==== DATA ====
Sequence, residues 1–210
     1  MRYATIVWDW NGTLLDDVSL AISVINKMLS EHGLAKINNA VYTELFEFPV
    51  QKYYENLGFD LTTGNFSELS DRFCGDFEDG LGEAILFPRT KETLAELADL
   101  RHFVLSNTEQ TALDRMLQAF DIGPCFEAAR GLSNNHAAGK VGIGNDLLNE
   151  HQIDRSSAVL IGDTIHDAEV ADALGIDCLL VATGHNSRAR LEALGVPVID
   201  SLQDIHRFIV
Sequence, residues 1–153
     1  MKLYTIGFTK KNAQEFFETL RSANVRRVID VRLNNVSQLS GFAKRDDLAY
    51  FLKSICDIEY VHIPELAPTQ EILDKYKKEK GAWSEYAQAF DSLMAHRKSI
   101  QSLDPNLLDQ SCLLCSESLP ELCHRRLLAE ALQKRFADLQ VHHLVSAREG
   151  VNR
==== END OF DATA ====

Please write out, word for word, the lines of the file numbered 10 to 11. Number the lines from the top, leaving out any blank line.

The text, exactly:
   101  QSLDPNLLDQ SCLLCSESLP ELCHRRLLAE ALQKRFADLQ VHHLVSAREG
   151  VNR